Coovadia and others will be racing against time to reach a compromise before then.

But amid this apparent political stalemate, many companies have taken to reporting on their scores under both the charter and the DTI’s black empowerment codes.

Says Hawes: “This squabble has woken the sector up to the fact that they’re probably going to have to continue to report under both the charter and the broad-based scorecard in future.”

Many senior bankers are keen to align the codes with the charter, if only to avoid the uncertainty of having to comply at some later date with rules they didn’t write.

One of the charges that critics level at the charter is that its targets are far too lenient, and that it would ratchet up transformation in the sector were government to require banks and financial firms to meet the targets in the codes.

“Generally, the charter is much more accommodating than the codes. The sort of companies that would score between 80% and 90% on the charter will be scoring about 60%-70% under the broad-based targets,” says Hawes.

Either way, the financial sector doesn’t look too tardy compared with other sectors. So how exactly have the banks improved in this year’s ratings?

From the figures, it looks very much like the racial composition of the banks’ staff is one of the key changes. For example, Standard Bank’s employment equity score is 9,8 out of 15, while FirstRand’s employment equity score has more than doubled.

Whereas last year there were only six financial companies with overall scores above 60 (compared to overall winner Adcorp with 81), this time there are 12 that surpass that mark.

Among the life assurers, Metropolitan’s rock-solid credentials saw it remain second only to union-investment company, Hosken Consolidated Investments (HCI). But the likes of Coronation Fund Managers have improved markedly from 15th in the financial sector last year (with a score of 43) to sixth with a score of 69,5.

Last year, Discovery was at the bottom of the table. But even though it has undergone a torrid year by locking horns with doctors, Adrian Gore’s company will be especially heartened that it was able to move to 11th position this year, nearly doubling its overall score from 33 to 63.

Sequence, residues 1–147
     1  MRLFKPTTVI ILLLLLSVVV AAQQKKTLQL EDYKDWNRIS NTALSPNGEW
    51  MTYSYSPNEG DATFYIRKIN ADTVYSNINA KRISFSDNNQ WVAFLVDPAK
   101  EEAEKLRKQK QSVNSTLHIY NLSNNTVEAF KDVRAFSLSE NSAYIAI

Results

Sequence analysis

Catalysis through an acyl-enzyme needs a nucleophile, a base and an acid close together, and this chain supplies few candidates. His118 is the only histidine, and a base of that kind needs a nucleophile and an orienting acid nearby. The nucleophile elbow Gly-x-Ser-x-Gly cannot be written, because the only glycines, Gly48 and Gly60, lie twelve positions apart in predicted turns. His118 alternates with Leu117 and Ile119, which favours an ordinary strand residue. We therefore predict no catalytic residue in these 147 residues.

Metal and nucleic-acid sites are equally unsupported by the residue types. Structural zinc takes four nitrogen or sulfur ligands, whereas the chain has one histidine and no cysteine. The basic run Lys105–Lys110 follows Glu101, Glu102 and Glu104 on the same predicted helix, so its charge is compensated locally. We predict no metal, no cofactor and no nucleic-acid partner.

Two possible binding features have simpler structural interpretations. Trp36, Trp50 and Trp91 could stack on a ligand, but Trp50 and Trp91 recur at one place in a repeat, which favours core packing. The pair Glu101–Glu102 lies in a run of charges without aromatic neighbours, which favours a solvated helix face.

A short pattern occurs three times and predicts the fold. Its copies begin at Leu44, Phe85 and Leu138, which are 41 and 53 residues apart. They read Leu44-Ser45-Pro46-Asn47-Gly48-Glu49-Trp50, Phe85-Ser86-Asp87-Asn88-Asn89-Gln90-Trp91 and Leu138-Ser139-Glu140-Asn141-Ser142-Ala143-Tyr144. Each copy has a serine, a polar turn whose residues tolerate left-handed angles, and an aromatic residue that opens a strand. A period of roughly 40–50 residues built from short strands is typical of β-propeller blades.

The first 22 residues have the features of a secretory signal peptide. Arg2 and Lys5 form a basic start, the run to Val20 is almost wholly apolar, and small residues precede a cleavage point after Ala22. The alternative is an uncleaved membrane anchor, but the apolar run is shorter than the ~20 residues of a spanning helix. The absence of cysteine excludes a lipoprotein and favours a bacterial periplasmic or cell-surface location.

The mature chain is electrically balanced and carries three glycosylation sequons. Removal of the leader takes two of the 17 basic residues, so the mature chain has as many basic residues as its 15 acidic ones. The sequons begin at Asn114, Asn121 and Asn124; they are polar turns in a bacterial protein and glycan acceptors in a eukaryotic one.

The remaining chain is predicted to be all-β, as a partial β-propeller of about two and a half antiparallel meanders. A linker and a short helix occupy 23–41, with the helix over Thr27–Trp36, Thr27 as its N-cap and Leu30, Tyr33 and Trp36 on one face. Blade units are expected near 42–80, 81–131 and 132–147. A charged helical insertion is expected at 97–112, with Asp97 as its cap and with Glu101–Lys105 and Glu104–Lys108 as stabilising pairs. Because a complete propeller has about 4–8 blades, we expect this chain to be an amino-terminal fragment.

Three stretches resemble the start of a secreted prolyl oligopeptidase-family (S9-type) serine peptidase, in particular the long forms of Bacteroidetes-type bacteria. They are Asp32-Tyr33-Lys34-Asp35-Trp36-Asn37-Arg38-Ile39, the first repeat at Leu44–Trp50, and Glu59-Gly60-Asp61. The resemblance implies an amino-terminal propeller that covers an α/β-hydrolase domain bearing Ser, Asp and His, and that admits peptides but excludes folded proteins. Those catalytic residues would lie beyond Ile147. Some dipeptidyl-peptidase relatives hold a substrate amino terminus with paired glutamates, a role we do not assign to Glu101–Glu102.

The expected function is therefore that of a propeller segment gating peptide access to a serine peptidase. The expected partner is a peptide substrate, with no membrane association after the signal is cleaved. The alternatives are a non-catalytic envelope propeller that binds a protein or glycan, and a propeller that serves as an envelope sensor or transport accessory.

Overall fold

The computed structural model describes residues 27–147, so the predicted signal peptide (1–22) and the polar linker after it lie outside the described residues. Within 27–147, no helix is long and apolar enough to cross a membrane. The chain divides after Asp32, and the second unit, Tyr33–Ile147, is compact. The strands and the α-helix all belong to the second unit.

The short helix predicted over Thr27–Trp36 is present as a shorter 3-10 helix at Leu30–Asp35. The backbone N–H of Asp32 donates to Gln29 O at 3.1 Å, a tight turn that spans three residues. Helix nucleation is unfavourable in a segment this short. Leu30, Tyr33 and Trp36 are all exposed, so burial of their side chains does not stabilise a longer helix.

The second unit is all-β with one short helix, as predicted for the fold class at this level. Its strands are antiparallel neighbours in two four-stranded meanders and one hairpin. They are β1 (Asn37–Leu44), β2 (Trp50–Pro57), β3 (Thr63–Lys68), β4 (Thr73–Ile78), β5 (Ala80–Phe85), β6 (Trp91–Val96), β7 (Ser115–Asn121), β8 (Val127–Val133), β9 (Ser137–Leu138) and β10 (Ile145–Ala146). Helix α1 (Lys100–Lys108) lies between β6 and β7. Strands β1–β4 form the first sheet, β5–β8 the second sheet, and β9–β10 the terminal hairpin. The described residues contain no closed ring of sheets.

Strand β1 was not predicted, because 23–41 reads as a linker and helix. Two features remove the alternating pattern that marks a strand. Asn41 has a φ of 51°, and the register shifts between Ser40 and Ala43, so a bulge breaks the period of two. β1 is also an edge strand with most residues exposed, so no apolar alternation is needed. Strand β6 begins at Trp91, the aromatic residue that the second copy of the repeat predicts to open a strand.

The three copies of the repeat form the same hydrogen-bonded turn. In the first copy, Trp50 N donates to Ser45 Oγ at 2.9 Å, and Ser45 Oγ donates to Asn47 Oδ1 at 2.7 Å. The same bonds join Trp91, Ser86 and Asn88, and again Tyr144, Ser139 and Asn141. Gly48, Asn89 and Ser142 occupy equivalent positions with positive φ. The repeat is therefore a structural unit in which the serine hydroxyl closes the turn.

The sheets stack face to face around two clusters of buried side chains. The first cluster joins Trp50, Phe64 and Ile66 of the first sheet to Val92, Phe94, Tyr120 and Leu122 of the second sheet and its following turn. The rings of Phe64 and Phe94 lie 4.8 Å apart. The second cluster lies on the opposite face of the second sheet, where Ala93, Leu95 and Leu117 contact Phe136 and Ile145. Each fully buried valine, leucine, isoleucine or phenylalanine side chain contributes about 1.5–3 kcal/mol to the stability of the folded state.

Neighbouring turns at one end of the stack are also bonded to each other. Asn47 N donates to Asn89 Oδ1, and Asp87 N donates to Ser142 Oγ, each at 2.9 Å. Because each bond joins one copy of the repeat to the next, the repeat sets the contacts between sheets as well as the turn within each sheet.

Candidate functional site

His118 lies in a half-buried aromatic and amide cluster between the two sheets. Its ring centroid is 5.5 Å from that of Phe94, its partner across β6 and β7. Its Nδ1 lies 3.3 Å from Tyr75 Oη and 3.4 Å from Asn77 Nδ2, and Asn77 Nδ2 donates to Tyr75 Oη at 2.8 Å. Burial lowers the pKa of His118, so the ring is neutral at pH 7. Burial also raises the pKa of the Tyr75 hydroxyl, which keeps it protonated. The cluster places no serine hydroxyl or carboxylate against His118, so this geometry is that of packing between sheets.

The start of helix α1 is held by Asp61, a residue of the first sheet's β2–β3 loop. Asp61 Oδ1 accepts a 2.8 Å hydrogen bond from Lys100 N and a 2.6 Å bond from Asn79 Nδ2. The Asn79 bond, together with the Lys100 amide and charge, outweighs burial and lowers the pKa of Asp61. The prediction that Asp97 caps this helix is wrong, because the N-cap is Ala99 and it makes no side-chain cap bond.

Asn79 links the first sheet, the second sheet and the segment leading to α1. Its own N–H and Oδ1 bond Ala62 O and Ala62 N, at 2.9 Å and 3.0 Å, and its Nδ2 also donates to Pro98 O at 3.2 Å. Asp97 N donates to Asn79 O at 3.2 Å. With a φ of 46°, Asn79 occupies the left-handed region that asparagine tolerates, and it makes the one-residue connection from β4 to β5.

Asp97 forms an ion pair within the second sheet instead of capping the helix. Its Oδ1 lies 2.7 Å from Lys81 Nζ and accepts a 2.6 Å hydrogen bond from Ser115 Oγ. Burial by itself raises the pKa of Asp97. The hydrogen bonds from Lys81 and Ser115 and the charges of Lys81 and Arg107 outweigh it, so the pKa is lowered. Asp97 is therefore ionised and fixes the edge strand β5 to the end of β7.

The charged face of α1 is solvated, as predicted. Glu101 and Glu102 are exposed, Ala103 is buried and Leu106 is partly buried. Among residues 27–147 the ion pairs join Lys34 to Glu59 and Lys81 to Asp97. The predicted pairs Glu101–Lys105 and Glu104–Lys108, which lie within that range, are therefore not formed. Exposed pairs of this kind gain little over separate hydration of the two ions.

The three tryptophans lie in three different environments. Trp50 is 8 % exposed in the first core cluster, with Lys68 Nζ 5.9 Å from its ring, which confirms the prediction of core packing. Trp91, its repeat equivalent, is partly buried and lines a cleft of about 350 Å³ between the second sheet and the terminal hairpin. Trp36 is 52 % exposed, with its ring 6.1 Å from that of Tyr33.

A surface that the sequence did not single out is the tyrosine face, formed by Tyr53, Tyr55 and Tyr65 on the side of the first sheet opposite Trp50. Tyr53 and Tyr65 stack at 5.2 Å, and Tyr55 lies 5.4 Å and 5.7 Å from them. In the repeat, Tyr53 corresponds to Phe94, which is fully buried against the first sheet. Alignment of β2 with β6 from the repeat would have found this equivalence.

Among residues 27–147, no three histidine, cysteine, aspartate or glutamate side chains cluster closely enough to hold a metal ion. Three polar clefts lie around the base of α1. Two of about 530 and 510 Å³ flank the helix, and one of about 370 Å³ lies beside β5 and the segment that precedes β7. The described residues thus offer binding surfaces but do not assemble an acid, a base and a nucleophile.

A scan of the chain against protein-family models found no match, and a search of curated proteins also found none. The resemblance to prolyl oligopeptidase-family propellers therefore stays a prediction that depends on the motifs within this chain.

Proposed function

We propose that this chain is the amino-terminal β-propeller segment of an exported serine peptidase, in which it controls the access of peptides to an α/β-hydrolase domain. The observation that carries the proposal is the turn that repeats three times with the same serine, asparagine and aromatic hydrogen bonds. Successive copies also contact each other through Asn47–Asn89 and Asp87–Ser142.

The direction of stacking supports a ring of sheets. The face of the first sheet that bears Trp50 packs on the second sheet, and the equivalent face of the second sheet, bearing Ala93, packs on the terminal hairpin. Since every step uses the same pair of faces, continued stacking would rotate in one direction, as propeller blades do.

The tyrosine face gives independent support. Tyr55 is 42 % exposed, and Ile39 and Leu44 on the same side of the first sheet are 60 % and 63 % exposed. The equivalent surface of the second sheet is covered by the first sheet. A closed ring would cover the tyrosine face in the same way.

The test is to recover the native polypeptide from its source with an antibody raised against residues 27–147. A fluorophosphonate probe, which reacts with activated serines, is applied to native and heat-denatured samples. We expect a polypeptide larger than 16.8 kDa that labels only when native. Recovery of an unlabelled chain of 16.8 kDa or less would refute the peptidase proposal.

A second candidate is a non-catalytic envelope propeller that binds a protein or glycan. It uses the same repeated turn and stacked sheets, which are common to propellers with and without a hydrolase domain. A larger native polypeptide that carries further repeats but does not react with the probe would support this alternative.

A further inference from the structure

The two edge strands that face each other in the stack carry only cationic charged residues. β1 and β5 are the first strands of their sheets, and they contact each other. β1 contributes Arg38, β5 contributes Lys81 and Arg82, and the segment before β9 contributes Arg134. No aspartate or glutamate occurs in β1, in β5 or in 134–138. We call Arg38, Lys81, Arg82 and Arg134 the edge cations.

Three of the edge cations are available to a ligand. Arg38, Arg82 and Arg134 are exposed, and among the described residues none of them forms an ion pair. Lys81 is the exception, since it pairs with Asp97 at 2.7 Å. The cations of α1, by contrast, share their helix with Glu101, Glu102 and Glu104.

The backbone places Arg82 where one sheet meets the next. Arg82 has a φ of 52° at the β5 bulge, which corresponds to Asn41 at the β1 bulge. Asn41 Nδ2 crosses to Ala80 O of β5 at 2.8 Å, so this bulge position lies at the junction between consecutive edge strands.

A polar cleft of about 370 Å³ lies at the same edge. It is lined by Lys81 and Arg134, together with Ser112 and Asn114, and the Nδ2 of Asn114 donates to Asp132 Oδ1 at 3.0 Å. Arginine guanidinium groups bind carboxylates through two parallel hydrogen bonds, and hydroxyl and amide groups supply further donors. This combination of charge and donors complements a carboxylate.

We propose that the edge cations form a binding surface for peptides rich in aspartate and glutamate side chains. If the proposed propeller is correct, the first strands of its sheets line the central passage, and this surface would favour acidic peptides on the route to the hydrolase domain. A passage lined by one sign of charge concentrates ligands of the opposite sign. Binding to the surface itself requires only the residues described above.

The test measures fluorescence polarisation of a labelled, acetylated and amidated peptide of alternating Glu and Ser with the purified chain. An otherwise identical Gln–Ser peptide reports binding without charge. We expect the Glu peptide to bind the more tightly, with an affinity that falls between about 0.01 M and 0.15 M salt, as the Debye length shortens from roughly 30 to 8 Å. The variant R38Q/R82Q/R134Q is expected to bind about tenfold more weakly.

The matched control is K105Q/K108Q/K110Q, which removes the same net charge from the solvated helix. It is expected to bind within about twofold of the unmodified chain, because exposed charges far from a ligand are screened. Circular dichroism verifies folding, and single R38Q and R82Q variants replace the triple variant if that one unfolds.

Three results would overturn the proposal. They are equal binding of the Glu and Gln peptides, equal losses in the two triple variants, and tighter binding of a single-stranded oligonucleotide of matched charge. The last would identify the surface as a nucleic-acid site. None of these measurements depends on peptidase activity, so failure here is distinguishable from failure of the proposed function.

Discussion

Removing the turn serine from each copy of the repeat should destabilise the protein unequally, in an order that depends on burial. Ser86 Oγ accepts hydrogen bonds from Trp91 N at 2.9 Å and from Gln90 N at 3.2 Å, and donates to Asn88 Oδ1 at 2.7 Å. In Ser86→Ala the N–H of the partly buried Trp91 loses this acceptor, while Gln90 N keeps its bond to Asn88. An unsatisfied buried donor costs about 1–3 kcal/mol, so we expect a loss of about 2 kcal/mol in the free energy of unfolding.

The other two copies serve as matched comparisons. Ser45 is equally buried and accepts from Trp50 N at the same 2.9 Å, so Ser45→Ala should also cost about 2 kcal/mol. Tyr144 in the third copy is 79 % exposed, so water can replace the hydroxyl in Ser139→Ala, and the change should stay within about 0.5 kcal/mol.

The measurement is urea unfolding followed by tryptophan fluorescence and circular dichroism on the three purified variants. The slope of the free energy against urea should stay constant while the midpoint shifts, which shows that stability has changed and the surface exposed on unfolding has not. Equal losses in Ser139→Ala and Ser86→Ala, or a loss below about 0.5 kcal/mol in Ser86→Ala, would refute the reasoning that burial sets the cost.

Some companies won’t be pleased to have slipped off the top of the list. The dual-listed life assurer Old Mutual, for one, last year came in fifth in the financial sector with a rating of 62. But this year, due to falling back in its employment equity and enterprise development numbers, Old Mutual falls to 15th in the table.

Tellingly, it becomes evident that financial companies tend to do particularly well in areas where they would have earned points under the charter, such as enterprise development.

Where the financial sector remains weaker than the rest – on average – is when it comes to management control and skills development. Looking at the top tiers of many of the financial companies suggests that the boardrooms of these companies are still largely the domain of men – even if there are more black men than in the past. Though not captured in this data, the recent appointments at Standard Bank take the group to another level. It appointed Simphiwe (Sim) Tshabalala as the designate CEO of SA operations, while Kennedy Bungane was made deputy chief executive of corporate and investment banking.

Hawes says skills development is also one of the areas where the financial sector generally falls short.

“It’s really quite difficult for them to spend enough on skills to get maximum points, if they’re a huge organisation. If your payroll is R400m, for example, then you have to spend about R12m on skills over and above the skills levy, and it’s difficult for them to achieve that level of expenditure because training, generally, isn’t that expensive,” he says.

Overall, however, the considerable progress made in the past year will remain a mitigating factor against shifting the goalposts just yet.

Source: Financial Mail – Top Empowerment Companies 2008 – Rob Rose